The park is currently limiting capacity by requiring timed entry tickets, so it’s best to make a reservation in advance. Online reservations cost $1 but don’t include park admission, which is $15 (or free with an annual America the Beautiful pass). 

International UFO museum and research center, downtown Roswell
International UFO Museum and Research Center in downtown Roswell. | Photo: IrinaK / Shutterstock

4. International UFO Museum and Research Center

No visit to New Mexico is complete without stopping in Roswell. Even if you’re not visiting during the annual UFO Festival, the city maintains an extraterrestrial theme year-round. Even the local McDonald’s is shaped like a UFO, has alien statues both inside and outside the restaurant, and features space-themed characters in the children’s play area. 

The International UFO Museum and Research Center, which receives nearly 200,000 annual visitors, demonstrates why the city is considered the UFO capital of the U.S. Inside, you’ll find a mix of UFO photography, kitschy dioramas (snag a selfie with an alien autopsy), and highly-detailed educational displays that attempt to explain the infamous Roswell Incident.

5. MIA/POW Park

One of the few non-UFO attractions in Roswell is a fascinating stop if you know the site’s bizarre history, which doesn’t appear on any of its informational plaques. MIA/POW Park harkens back to World War II when thousands of German prisoners of war were held in a POW camp just outside the city. Though most of the prisoners labored on farms, some paved the Spring River (which runs through the present-day park) with stone as part of a flood control project. Some of the prisoners arranged rocks to form the outline of an Iron Cross, a military decoration adopted by Nazi Germany. Rightfully enraged citizens covered up the symbol but it’s now exposed and on view in the park, which serves as a memorial to prisoners of war and missing soldiers everywhere.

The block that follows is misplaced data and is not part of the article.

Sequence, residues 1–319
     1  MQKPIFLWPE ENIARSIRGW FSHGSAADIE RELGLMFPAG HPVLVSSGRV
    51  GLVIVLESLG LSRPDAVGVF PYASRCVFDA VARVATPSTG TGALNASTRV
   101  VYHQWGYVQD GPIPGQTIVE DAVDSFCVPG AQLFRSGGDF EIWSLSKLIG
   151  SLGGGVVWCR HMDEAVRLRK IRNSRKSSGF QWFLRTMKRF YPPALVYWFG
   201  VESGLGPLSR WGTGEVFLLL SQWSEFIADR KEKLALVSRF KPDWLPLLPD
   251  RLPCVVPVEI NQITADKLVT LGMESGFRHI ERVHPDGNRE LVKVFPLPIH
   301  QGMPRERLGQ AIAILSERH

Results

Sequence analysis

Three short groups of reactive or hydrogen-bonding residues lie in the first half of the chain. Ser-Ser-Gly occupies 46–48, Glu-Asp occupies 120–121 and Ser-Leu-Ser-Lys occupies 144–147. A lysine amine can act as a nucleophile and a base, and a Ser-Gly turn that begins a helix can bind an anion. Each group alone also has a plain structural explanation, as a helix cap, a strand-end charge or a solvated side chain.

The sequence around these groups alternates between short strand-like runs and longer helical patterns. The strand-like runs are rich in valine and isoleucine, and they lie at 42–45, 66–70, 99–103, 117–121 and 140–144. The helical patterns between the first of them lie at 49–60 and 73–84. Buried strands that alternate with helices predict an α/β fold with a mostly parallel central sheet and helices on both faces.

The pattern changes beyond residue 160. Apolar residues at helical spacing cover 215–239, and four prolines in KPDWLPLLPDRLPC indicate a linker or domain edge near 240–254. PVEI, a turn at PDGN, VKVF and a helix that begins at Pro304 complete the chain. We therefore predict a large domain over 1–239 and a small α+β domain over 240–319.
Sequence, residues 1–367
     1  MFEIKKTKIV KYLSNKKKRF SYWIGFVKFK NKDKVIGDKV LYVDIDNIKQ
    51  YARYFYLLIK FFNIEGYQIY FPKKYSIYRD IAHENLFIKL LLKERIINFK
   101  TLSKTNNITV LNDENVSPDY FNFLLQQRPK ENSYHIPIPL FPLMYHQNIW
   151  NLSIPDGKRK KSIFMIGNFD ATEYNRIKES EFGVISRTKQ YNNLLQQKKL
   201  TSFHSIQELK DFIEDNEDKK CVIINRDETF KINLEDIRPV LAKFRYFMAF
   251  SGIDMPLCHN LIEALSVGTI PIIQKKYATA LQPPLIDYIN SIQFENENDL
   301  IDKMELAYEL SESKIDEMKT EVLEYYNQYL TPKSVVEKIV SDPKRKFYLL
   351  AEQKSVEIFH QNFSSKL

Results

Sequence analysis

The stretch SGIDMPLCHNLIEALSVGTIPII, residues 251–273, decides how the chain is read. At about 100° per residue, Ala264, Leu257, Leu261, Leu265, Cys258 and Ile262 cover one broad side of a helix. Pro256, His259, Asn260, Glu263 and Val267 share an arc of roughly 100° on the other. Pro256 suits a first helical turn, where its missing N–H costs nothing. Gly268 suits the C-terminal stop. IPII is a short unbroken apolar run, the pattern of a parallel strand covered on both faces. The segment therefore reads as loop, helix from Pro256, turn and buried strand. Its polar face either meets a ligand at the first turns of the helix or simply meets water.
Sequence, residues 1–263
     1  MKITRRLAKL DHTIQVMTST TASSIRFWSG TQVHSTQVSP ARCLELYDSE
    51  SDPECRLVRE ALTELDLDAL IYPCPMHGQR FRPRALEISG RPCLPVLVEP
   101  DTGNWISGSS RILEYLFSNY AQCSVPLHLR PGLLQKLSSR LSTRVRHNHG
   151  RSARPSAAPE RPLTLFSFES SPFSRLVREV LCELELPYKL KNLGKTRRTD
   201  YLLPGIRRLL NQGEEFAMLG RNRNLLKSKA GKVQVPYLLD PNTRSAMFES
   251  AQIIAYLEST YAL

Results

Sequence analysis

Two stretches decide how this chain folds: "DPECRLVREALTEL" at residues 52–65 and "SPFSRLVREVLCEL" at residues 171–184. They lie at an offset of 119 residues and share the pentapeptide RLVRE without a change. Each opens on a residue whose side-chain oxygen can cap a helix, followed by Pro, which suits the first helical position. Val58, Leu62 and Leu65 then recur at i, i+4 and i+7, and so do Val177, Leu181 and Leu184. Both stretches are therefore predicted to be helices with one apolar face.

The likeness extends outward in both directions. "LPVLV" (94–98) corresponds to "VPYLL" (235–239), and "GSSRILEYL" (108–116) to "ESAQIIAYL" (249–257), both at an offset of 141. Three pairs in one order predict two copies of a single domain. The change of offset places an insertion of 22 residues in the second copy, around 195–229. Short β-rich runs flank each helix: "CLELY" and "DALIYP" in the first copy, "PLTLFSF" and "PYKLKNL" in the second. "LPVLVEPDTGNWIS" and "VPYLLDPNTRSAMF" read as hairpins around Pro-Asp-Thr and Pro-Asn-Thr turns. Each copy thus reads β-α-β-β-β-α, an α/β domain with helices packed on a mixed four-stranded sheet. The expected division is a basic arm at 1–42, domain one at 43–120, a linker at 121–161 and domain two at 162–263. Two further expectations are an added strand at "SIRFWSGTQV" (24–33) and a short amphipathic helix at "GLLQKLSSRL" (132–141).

About eight blocks from the park is another of the few non-alien-themed attractions in the city. The Miniatures and Curious Collections Museum is a strange (and strangely intriguing) mix of collections. The one-room museum is lined with shelves and tables overflowing with collections of miniature cars, trees, Army action figures, dolls, and dioramas dedicated to Christmastime, the circus, and just about anything and everything in between.

Interior view of the Indian Pueblo Cultural Center
Interior view of the Indian Pueblo Cultural Center. | Photo: Kit Leong /

6. Indian Pueblo Cultural Center

Indigenous inhabitants across the Southwest are often referred to as “Pueblo Indians” or “Pueblo People,” but the term doesn’t refer to a single tribe. When the Spanish first encountered Native Americans in the 1500s, in what is now New Mexico and Arizona, the tribes were living in villages that the Spanish named “pueblos.” The type of living arrangement and lifestyle was distinct because the “Pueblo Indians” were settled tribes, not nomadic, like many other tribal communities. 

Albuquerque’s Indian Pueblo Cultural Center, with its collection of art and artifacts and on-site restaurant specializing in traditional foods, is dedicated to preserving and perpetuating Pueblo culture. As its motto goes, the center is “the gateway to the 19 Pueblos of New Mexico.” As New Mexico’s pueblos remain closed to the public in order to protect residents from the COVID-19 pandemic, the center is the best way to learn about Pueblo history and culture.

Exhibit at the Anderson Abruzzo Albuquerque International Balloon Museum
The Anderson Abruzzo Albuquerque International Balloon Museum. | Photos: Ashley Rossi
Exhibit at the Anderson Abruzzo Albuquerque Balloon Museum
The entrance to the Anderson Abruzzo Albuquerque International Balloon Museum.

7. Anderson Abruzzo International Balloon Museum